Wild Octopus Spotted Making His New Home Out Of Strangest Thing
He seemed to think it was a shell.
In 2015, a brilliant octopus using a broken coconut shell as a kind of shield from predators caught the attention of millions of viewers and made one scientist nearly die from laughing so much.
"I almost drowned laughing when I saw this the first time," Julian Finn, senior curator from Museums Victoria in Australia, told the BBC. "I could tell it was going to do something, but I didn't expect this — I didn't expect it would pick up the shell and run away with it."
This month, another photographer captured some similar images, but with one sad difference.
This time, a wild octopus was seen also using a tool on the ocean floor, but this time what the octopus found wasn't the shell of a coconut but a piece of trash.
Photos show the wild octopus gripping a plastic soap dish adorned with a floral design.
The image is a grim reminder of what plastic is doing to the oceans. It's predicted that if human use of disposable plastic doesn't slow down, there will be more plastic than fish in the ocean by 2050.
The remarkable intelligence of octopuses made one philosopher remark that the animal is probably "the closest we will come to meeting an intelligent alien." And yet these images show that the octopus is not immune to the pressing problems here on Earth.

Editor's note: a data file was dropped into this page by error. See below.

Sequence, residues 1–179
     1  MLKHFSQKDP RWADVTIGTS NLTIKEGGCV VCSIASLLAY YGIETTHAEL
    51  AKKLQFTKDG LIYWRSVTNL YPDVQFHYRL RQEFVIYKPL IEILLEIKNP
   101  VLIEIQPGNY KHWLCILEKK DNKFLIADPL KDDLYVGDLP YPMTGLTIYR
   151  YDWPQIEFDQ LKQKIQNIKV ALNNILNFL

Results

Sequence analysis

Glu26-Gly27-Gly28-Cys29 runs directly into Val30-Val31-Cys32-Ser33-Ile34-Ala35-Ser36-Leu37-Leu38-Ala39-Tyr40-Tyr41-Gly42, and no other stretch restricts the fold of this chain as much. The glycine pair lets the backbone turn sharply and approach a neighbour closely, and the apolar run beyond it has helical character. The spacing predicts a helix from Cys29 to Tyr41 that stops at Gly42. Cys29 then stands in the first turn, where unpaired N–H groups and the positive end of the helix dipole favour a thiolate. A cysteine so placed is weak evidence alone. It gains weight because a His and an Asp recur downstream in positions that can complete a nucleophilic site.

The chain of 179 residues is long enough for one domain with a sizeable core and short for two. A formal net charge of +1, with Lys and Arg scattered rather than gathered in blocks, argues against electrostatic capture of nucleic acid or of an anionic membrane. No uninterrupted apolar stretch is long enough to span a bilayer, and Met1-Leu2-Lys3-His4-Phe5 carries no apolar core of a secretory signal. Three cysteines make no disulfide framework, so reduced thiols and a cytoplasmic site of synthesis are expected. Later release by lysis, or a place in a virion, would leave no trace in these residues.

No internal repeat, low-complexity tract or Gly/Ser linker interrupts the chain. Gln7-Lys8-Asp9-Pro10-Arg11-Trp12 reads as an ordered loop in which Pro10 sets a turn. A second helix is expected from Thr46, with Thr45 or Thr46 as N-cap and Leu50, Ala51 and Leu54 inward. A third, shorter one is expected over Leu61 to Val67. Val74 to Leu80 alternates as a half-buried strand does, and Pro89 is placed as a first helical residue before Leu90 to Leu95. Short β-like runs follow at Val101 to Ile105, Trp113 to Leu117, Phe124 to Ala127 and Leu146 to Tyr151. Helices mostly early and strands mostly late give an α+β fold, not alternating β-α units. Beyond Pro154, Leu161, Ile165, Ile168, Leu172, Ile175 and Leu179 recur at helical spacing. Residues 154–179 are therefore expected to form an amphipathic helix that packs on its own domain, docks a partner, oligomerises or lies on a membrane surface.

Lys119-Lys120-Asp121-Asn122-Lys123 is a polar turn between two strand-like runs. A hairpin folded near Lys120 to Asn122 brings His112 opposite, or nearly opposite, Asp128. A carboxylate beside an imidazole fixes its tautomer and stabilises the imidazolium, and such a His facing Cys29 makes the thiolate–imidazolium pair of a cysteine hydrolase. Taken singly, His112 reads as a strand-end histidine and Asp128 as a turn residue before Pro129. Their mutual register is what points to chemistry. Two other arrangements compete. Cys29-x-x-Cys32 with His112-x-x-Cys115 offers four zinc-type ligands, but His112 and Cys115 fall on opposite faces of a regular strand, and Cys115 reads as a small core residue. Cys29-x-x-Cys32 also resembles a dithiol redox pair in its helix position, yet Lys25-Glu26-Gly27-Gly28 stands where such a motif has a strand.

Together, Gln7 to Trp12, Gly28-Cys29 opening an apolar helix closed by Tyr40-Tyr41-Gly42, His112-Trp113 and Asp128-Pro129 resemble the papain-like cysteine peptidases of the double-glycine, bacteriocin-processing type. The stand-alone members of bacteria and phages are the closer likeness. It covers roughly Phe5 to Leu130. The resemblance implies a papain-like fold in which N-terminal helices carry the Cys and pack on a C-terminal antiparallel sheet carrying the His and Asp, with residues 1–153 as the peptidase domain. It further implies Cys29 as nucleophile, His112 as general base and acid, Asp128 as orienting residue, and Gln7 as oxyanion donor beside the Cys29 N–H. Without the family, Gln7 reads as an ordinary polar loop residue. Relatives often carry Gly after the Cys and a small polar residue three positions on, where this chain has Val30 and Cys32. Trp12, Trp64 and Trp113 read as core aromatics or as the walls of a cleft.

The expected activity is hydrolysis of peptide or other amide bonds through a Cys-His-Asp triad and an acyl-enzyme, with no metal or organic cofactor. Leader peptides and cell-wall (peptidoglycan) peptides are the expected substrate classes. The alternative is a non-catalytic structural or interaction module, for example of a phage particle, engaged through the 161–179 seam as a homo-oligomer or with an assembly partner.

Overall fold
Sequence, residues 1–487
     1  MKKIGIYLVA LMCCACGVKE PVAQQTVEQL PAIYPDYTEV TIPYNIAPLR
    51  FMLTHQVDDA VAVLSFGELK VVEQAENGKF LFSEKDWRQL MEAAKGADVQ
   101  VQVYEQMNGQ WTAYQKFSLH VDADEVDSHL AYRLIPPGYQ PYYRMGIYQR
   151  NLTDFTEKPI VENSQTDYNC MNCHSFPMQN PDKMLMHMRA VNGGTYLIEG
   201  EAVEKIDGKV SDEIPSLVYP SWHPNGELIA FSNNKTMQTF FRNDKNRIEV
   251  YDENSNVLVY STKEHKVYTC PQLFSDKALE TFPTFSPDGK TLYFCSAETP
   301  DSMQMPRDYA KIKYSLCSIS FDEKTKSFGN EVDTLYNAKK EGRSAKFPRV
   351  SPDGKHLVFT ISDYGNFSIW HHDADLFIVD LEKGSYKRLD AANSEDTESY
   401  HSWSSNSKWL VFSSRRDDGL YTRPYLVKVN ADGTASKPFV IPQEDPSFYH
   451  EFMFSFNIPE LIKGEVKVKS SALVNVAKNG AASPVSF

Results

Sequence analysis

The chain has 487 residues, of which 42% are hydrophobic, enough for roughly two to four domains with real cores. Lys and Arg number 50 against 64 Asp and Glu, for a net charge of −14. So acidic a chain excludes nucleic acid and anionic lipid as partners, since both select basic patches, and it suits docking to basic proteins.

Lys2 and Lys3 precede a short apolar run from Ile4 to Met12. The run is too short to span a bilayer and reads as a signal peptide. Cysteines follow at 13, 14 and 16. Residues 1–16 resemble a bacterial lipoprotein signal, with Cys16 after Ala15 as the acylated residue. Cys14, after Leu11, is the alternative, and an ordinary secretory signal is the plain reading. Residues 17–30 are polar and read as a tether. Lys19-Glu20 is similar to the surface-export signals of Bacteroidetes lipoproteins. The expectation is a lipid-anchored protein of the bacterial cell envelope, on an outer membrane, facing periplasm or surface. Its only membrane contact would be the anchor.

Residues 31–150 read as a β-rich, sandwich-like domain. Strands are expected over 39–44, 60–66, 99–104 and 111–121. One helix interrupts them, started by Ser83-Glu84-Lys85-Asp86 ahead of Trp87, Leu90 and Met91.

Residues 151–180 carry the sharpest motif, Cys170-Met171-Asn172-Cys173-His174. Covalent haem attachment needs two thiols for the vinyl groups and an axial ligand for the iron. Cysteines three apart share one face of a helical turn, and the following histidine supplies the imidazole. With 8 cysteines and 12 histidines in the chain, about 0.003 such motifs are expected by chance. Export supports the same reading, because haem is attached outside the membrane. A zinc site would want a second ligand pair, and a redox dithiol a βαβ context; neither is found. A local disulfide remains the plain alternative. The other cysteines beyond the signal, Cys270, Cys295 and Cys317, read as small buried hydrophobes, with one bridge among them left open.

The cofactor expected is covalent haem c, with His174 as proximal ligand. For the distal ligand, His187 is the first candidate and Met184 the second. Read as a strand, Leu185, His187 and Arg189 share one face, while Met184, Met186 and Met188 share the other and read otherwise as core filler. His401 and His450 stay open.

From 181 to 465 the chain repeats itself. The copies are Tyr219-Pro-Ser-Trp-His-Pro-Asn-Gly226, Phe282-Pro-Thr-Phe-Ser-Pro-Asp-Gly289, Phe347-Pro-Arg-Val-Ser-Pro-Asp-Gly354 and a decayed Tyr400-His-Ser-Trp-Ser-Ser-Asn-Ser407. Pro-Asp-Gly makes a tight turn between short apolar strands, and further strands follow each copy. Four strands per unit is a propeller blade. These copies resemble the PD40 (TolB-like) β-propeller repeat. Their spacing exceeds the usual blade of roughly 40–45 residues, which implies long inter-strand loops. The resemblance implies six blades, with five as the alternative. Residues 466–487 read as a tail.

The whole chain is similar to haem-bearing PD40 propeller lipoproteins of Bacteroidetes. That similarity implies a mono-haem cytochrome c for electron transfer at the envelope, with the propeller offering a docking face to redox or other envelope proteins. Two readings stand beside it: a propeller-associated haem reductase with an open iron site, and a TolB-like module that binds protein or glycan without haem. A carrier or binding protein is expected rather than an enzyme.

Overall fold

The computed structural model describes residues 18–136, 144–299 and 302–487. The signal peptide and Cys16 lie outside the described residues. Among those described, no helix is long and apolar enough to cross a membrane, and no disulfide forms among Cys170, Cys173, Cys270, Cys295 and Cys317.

This particular octopus seemed to make the best of finding this soap dish by curling up into it and making it home. (Not all sea creatures fare so well — it is common for dolphins, whales, sea turtles and other animals to die from getting tangled up in plastic or ingesting it.)
Whether or not he was conscious of the artificial feeling of his new home, human beings should have consciousness enough to try to cut down on plastic, especially since scientists are still researching how so much plastic waste will impact everyone's health in the long-term.
"We don't even know the long-term effects of microplastic getting into marine fish," Colby Loucks, senior director of the Wildlife Conservation Program at the World Wildlife Fund (WWF), previously told The Dodo. "Microplastic gets into larger and larger fish as it is absorbed into smaller sea life. That's an issue that certainly needs more research. How that might impact larger fish and how it could get to us and affect us is an unknown."